By Ronit Lentin
When the announcement of the candidacy of Israeli lawmaker and retired general Efraim ‘Effi’ Eitam as director of the Jerusalem Yad Vashem Holocaust Memorial was made in November 2020, many Israeli leftists and intellectuals protested, claiming it was unfitting to put a self-declared racist and a suspected war criminal in charge of imparting the lessons of the Nazi genocide. However, I agree with Ha’aretz columnist Gideon Levy’s argument that Eitam’s candidacy is in line with Israel weaponising the Holocaust to justify its permanent war against the Palestinians, with its ongoing racialization and dehumanization of the Palestinian people, and with its insistence that after the Holocaust no one has the right to tell Israel what to do and that international law, established after the Holocaust, applies to all countries except Israel.
Eitam’s candidacy proves the need to analyse Israel as a racial colony par excellence. As Levy notes, the Holocaust and the “never again” commitment that followed it, could have gone in two directions. On the one hand it could have resulted in a determination by the state of the survivors of the Nazi atrocities to struggle against all racism and war crimes anywhere. On the other, it could have led to the belief that only aggressive power would prevent another Holocaust. Needless to say, Israel, described in Haim Bresheeth Žabner’s book An Army Like no Other (2020) as “an army with a nation,” chose the second way and Eitam, an arrogant ultra-nationalist who commanded the Givati Brigade in the first intifada, epitomises this version of the lessons of the most extreme racialization of European Jews in the modern era.
My article “Palestinian lives matter: Racializing Israeli settler colonialism,” from the Journal of Holy Land and Palestine Studies is written against the background of recent developments in Israel’s racial rule over the Palestinians, the Black Lives Matter protests, and Netanyahu’s declared intention to annex occupied Palestinian territories, an intention thwarted by his recent normalisation deal with the UAE and Bahrein. The article, written by an Ashkenazi Jewish member of the perpetrating collectivity, theorises Israel’s permanent war against the Palestinians as first, state of exception, second, racial state, and third, settler-colony. Although several Palestinian scholars, including Edward Said, Faez Sayegh, Joseph Massad, Elia Zureik, Nadia Abu El Haj and Lana Tatour to name but a few, theorised the Zionist colonisation of Palestine in terms of race and racialisation, the tendency of Israeli and many international scholars has been to first write about the “Israeli-Palestinian conflict” rather than about the colonisation of Palestine, and second, to focus on ethnicity rather than race as an analytical frame. The article critiques this focus on ethnicity, ethnic cleansing and ethnocracy by Israeli scholars such as Ilan Pappe and Oren Yiftachel, and posits race as a key concept in analising Zionist settler-colonialism. I further propose that Zionism was anything but a solution to European antisemitism, and that it rather adopted discourses of race approximating those expressed by antisemitic regimes, both historically and in the present. In a post-Trump present as the Black Lives Matter movement proliferates on the one hand, while on the other right wing opposition to BDS and civil society solidarity with Palestine accelerate, I conclude the article by arguing for the question of Palestine to again becoming a crucial global issue.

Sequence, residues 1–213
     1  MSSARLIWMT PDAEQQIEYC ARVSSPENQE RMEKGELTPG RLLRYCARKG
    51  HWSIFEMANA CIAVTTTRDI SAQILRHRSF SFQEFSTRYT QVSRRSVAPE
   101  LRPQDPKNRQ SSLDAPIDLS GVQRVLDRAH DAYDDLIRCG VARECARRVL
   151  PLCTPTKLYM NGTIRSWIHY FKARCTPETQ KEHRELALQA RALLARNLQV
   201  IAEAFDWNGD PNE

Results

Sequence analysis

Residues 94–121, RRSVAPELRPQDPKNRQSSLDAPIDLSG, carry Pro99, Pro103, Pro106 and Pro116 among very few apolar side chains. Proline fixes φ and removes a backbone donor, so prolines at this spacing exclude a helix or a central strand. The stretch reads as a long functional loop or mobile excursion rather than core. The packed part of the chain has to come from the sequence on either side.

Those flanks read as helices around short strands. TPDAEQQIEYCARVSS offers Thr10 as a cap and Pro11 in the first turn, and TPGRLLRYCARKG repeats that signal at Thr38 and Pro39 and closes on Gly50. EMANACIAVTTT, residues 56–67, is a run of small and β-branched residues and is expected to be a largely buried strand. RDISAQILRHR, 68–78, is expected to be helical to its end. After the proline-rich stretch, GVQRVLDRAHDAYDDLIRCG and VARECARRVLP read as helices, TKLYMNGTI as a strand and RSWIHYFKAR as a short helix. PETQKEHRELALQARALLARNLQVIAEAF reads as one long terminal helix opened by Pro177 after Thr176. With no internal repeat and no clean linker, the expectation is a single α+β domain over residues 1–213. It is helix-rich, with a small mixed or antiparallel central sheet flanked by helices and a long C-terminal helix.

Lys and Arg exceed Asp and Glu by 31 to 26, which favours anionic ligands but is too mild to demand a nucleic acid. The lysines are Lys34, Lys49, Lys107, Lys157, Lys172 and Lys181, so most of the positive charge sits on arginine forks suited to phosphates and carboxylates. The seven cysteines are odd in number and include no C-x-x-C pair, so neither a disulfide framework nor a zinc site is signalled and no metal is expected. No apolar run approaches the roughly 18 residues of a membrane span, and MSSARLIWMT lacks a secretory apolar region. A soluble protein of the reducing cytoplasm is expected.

The Journal of Holy Land and Palestine Studies is a fully international and multidisciplinary journal covering the history, politics, culture, religion, anthropology, sociology and economics of the Holy Land and Palestine. The journal deals with a wide range of topics, including but not limited to: conflicting Israeli and Palestinian perspectives; social and economic conditions; religion and politics in the Middle East; Palestine in history and today; modernism and postmodernism and more.